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As predicted during the ramp up and passage of the controversial Affordable Care Act, infection prevention appears to be one of the clear winners under health care reform.
According to the Centers for Disease Control and Prevention, all states that applied for infrastructure funds (49 states, Washington D.C. and Puerto Rico), will receive funding to continue to implement strategies to protect patients from health care-associated infections (HAIs). Sixteen states are receiving funding to prevent HAIs across the spectrum of health care by building multi-facility prevention initiatives, including: California, Colorado, Connecticut, Florida, Illinois, Iowa, Kentucky, Maryland, Massachusetts, Michigan, New Mexico, New York, Oregon, Tennessee, Vermont, and Wisconsin. Previous investments have resulted in 21 states demonstrating significant reductions in HAIs in their states, which have saved lives and health care costs.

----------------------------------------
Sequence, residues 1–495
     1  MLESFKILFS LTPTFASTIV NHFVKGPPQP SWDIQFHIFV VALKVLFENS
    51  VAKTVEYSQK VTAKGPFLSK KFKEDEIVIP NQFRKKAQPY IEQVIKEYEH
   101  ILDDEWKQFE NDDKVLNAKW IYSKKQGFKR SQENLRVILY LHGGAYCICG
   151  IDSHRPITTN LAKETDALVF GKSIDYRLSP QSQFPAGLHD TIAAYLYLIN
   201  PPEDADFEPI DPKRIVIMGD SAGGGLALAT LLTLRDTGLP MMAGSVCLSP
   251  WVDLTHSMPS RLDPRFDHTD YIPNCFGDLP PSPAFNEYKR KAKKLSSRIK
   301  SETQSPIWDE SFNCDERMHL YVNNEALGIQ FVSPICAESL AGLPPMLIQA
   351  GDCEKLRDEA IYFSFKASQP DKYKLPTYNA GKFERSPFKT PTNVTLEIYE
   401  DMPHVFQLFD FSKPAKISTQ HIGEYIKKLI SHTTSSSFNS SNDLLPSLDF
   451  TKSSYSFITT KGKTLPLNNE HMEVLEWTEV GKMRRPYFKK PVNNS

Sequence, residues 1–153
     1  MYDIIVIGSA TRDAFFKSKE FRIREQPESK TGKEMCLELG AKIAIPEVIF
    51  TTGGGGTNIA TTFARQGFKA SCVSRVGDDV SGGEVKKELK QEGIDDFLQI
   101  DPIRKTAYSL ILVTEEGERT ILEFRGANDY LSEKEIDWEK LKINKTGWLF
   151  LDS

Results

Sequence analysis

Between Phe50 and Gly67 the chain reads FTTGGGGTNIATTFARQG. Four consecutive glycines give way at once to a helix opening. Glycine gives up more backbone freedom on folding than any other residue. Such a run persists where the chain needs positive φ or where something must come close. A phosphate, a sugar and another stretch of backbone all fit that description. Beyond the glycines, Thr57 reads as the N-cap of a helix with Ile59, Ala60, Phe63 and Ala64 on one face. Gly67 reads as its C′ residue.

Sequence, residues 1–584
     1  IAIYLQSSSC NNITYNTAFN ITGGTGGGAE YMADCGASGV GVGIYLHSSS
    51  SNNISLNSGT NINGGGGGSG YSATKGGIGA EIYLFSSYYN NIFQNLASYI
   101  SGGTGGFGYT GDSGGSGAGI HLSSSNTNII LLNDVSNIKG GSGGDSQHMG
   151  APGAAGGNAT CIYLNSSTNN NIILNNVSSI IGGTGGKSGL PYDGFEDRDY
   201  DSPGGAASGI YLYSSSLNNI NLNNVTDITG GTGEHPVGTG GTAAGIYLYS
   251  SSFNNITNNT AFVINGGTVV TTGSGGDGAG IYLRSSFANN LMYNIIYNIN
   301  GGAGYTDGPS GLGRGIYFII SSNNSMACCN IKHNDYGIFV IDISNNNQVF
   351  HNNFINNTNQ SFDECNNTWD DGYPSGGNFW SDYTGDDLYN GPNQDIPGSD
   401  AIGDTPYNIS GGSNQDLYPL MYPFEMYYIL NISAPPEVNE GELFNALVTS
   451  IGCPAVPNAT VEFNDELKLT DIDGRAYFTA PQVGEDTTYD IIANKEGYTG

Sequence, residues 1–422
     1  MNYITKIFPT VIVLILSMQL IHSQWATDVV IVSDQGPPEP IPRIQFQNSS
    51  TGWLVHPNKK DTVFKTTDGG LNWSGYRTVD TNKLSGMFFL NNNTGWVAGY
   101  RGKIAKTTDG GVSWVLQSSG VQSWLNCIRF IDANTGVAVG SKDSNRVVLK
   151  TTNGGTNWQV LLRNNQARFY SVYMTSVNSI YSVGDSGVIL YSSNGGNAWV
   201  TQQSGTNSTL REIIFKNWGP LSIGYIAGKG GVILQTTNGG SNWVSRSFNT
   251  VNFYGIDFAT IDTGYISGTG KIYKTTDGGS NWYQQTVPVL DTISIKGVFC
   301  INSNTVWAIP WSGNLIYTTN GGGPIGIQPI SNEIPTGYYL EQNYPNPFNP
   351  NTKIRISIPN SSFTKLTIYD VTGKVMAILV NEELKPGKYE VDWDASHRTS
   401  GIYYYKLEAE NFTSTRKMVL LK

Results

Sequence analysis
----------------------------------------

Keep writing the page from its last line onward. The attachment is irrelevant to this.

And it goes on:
Four states will receive HAI funding to advance the national implementation of electronic laboratory records by improving capacity to receive, validate, process, and use incoming electronic laboratory records messages in surveillance systems. These states include: Arizona, Tennessee, South Carolina, and New Mexico. This work will impact the timely reporting of health care-associated infections to CDC’s National Healthcare Safety Network.